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Access to Language and Cognitive Development$
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Michael Siegal and Luca Surian

Print publication date: 2011

Print ISBN-13: 9780199592722

Published to Oxford Scholarship Online: January 2012

DOI: 10.1093/acprof:oso/9780199592722.001.0001

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Access to childhood language memory: Implications for cognitive development

Access to childhood language memory: Implications for cognitive development

(p.176) Chapter 10 Access to childhood language memory: Implications for cognitive development
Access to Language and Cognitive Development

Terry Kit-fong Au

Oxford University Press

This chapter examines how memories that are acquired by overhearing a second language during early childhood are tacitly retrieved in adult age and influence cognitive development. It describes a study of adult learners of Spanish/Korean who had spoken Spanish/Korean as their native language before age six and only minimally, if at all, thereafter until they began to re-learn the language after age thirteen years. They were compared with native speakers, childhood (over)hearers, and typical late-second-language (L2)-learners of Spanish/Korean. Although far from native-like, childhood speakers of Spanish reliably outperformed childhood overhearers and typical late-L2-learners on measures of grammar. Both childhood speakers and overhearers spoke Spanish with a more native-like accent than typical late-L2-learners. The chapter also explores access to very early linguistic experience by focusing on adults adopted under age twelve months from Korea by families in the United States. The findings suggest early learning about ambient language can be accessed in adulthood upon re-learning. Thus, research into the re-learning of long-disused childhood languages turns out to have much to offer.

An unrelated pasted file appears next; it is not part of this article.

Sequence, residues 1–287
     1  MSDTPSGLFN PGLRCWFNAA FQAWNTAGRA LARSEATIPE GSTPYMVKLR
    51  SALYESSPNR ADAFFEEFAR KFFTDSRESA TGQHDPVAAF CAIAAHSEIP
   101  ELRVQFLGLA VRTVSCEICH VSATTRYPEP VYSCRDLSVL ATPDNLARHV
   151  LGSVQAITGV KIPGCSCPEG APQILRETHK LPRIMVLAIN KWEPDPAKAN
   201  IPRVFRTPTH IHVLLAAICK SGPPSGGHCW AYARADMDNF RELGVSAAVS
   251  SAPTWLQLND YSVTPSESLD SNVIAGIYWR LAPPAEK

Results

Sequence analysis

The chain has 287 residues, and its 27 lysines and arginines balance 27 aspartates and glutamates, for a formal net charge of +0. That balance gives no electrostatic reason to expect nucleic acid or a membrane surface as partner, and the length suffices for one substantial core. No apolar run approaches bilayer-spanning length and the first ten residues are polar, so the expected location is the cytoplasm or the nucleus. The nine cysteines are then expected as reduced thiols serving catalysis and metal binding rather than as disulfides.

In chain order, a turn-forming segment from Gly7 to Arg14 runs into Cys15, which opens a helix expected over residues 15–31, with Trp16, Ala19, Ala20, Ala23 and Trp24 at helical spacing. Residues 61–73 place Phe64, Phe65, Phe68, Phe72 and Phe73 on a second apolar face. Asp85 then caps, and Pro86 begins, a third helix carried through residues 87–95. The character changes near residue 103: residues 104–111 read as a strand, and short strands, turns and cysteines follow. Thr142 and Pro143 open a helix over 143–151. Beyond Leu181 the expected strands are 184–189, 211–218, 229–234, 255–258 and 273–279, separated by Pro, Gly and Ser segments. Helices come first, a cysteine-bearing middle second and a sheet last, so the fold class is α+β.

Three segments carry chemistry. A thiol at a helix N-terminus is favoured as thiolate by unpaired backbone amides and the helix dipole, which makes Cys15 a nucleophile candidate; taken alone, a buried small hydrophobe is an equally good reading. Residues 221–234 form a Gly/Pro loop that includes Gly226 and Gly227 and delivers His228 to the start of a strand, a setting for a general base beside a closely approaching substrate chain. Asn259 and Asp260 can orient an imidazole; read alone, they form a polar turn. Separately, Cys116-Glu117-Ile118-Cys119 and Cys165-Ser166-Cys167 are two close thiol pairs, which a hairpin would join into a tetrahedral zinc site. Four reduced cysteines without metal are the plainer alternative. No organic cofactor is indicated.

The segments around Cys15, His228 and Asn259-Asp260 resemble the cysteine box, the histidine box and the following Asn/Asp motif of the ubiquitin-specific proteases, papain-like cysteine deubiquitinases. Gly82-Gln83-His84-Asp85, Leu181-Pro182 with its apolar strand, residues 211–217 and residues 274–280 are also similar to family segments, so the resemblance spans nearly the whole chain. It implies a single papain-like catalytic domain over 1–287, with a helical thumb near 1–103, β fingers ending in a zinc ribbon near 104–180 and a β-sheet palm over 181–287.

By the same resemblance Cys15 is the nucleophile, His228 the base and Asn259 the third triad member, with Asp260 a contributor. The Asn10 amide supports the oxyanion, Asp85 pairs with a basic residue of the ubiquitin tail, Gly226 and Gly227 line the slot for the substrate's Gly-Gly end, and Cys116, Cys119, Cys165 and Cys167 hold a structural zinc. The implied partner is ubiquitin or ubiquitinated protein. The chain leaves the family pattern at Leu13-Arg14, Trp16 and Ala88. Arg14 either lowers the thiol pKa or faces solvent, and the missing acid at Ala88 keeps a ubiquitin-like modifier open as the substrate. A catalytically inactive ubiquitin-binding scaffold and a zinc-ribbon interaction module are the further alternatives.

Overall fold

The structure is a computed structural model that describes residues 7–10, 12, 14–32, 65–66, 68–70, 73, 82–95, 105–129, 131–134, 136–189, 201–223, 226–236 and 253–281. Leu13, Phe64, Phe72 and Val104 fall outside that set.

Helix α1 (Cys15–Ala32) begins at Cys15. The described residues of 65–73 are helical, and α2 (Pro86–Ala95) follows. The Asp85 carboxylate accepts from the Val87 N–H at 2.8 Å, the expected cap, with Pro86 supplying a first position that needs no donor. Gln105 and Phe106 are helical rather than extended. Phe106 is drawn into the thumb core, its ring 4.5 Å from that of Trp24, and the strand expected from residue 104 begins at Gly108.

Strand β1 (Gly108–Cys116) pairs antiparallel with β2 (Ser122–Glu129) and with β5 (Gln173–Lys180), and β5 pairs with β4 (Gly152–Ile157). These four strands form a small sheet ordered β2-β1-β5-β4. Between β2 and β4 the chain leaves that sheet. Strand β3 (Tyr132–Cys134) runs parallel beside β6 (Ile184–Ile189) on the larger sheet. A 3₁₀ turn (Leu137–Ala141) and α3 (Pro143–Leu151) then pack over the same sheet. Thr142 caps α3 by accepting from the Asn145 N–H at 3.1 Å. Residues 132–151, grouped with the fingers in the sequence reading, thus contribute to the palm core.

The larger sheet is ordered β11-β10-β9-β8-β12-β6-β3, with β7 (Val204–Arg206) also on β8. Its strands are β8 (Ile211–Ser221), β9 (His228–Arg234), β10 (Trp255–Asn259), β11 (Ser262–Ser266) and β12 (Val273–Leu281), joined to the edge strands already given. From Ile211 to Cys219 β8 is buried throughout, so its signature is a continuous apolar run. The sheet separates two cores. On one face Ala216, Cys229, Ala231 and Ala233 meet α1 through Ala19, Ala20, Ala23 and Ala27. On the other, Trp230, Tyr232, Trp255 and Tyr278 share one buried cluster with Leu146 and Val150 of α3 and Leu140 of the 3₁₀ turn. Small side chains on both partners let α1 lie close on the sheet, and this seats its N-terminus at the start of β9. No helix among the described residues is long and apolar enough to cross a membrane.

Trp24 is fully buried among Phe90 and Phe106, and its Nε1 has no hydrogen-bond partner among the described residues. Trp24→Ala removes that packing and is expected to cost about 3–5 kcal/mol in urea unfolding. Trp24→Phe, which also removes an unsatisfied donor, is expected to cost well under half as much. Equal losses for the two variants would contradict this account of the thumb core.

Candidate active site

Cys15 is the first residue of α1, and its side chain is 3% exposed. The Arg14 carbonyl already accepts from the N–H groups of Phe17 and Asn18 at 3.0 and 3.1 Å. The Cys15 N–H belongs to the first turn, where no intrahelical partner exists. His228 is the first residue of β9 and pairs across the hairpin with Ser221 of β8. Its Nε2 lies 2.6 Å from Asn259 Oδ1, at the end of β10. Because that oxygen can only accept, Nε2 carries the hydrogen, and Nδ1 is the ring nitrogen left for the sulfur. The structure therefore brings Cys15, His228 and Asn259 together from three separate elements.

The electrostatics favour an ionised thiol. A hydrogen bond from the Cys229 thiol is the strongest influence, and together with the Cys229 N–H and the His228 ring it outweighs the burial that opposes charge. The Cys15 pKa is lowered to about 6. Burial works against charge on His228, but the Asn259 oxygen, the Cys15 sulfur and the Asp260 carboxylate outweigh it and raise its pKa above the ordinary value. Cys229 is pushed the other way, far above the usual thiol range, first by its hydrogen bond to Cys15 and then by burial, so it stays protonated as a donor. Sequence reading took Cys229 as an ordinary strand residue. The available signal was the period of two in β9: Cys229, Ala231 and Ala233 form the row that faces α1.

Keywords:   second language, overhearing, early childhood, Spanish language, Korean language, language re-learning

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